Tensions have been high as the presidential election in Honduras nears Honduras is holding its presidential election Sunday at a time of poverty, corruption and increased migration to the United States.

Tensions have been high as the presidential election in Honduras nears

Tensions have been high as the presidential election in Honduras nears

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Honduras is holding its presidential election Sunday at a time of poverty, corruption and increased migration to the United States.


Presidential elections are set to take place this Sunday in Honduras. The Central American nation has been battered by the pandemic, two back-to-back hurricanes and a corrupt political system. Hondurans have been leaving the country for the U.S. in droves. And with past elections marred by accusations of fraud and violence, tensions are high.

We're now joined by NPR's Carrie Kahn, who's in the Honduran capital, Tegucigalpa. Welcome, Carrie.


CORNISH: We just mentioned a number of problems facing the country. What's the top issue on people's minds going into the election?

KAHN: Yeah, there's a lot of issues. I'd say the top issue is the economy. Honduras' economy shrank by some 10% during the pandemic. We've heard estimates of half a million jobs lost in the past year. And then these hurricanes, Eta and Iota, were catastrophic, especially in the industrial north, where much of Honduras' economic output is. Reconstruction, at best you can say, has been slow. So first and foremost, it's unemployment and the economy.

And coming in a close second is the widespread dislike and the corruption surrounding the current president, Juan Orlando Hernandez, and his National Party, which has been in power here for 12 years. And Juan Orlando has been in office for the last eight of those 12 years, and he has a very checkered record. He changed the constitution so he could be reelected in 2017, and that election was just marred by allegations of fraud and post-electoral violence. And also, Juan Orlando has been linked to his brother's drug-running activities. He denies that, but his brother was recently sentenced to life in prison in the U.S.

CORNISH: So right now, who's on the ballot and what are they offering?

KAHN: Yeah, it's quite a cast of characters. The frontrunner is Xiomara Castro. She's the wife of a former president who was deposed in a coup in 2009. Since that coup, she's emerged as a political leader in her own right. And she has - and she's seen as a champion of the poor. But the ruling party tries to portray her as this radical leftist aligned with Venezuela and Cuba, tying her to her husband's legacy and also long-standing allegations he has of taking bribes when he was president, too.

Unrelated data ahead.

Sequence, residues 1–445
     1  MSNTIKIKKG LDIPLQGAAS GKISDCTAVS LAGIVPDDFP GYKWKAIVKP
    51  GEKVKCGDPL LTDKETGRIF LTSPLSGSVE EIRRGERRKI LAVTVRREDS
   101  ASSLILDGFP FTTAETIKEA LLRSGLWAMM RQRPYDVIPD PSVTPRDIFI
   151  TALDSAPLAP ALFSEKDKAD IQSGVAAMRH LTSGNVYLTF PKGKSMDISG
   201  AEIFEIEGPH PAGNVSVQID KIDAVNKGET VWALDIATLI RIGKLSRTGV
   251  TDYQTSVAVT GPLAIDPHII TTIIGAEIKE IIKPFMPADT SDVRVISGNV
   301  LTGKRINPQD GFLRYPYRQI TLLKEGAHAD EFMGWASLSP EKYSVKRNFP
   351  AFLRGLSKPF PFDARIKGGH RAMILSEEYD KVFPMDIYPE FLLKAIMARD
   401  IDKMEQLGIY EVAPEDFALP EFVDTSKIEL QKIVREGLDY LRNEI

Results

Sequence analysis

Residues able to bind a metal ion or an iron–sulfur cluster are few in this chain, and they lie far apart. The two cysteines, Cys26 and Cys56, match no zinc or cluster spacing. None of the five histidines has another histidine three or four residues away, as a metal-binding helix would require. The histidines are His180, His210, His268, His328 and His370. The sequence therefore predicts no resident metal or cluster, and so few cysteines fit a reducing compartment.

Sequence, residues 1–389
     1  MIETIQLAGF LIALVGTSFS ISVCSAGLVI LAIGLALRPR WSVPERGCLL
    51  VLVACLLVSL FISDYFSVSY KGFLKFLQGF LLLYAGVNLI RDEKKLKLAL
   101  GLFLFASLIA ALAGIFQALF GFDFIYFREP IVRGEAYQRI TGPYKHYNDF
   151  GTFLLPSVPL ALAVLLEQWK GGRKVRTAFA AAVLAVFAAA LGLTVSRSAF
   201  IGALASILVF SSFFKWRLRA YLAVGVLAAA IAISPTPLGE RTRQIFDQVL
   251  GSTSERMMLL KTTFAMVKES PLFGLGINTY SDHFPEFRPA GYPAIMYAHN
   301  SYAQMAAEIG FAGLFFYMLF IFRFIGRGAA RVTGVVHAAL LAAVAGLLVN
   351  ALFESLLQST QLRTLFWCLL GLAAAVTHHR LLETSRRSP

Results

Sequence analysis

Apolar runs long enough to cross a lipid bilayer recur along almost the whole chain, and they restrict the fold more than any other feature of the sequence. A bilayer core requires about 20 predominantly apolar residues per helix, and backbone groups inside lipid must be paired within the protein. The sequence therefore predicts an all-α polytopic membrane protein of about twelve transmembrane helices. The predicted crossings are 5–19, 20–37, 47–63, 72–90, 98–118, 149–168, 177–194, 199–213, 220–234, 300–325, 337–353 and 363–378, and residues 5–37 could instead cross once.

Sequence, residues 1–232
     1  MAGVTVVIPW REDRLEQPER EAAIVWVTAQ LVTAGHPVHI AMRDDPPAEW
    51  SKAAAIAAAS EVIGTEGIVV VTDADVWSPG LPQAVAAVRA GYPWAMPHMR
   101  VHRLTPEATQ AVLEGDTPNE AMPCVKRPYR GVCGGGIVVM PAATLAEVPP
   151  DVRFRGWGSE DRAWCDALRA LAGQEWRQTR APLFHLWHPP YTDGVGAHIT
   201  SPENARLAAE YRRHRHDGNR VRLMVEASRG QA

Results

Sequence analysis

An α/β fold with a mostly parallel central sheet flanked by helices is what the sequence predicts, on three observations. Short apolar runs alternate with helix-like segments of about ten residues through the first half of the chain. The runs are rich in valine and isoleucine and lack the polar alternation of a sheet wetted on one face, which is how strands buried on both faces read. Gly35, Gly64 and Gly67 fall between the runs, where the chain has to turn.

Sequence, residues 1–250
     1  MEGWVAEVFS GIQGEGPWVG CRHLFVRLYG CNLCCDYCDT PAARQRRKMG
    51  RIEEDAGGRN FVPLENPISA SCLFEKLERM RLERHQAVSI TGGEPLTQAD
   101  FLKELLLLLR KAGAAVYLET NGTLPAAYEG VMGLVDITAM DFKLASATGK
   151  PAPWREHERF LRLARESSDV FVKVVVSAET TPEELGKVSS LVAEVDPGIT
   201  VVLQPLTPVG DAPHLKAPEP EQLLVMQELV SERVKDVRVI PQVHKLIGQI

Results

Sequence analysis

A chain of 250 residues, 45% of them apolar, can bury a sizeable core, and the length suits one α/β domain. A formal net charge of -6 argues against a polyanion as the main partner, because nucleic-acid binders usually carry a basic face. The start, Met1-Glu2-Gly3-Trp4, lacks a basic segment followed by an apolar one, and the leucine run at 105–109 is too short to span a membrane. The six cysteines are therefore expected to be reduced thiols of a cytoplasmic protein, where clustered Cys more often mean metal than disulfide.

Then there's the ruling party's candidate, Nasry Asfura. He's been the mayor of the capital here, and his slogan, Audie, is (speaking Spanish) - daddy at your service. And he portrays himself as this hard worker in that he's - his slogan is, I'm different. That's his attempt to distance himself from President Juan Orlando. But Asfura has also been accused of misdeeds, misappropriating public funds as mayor of Tegucigalpa to the tune of a million dollars.

And then just quickly got to add one more candidate. He's running a distant third, and he's a political - familiar name here in the country - Yani Rosenthal. He just returned to Honduras after a stint in a U.S. federal prison for money laundering.

CORNISH: What are you hearing from voters?

KAHN: Many people I spoke with on the streets just aren't happy with this crop of candidates and just really aren't happy with politics in general. But Xiomara Castro has been able to rally the opposition to her candidacy, and she's ahead in the polls.

Honduras - Hondurans have the lowest level of support for democracy in Latin America. And they're just sick of all this, and many are voting with their feet. Hundreds leave the country daily, and there's been a large increase in the numbers of Hondurans trying to cross the U.S. southern border. Even if you look at pre-pandemic levels and now, there's a big increase.

And people here - that are here now are just worried about post-election violence, like what took place in 2007. I saw businesses all day yesterday boarding up storefronts. And U.S. officials have called on all parties to respect the outcome, but there are concerns about how the votes will get counted, vote buying and coercion by the ruling party.

CORNISH: That's NPR's Carrie Kahn watching the campaigning in Honduras. Thank you so much for your reporting.

KAHN: You're welcome, Audie.


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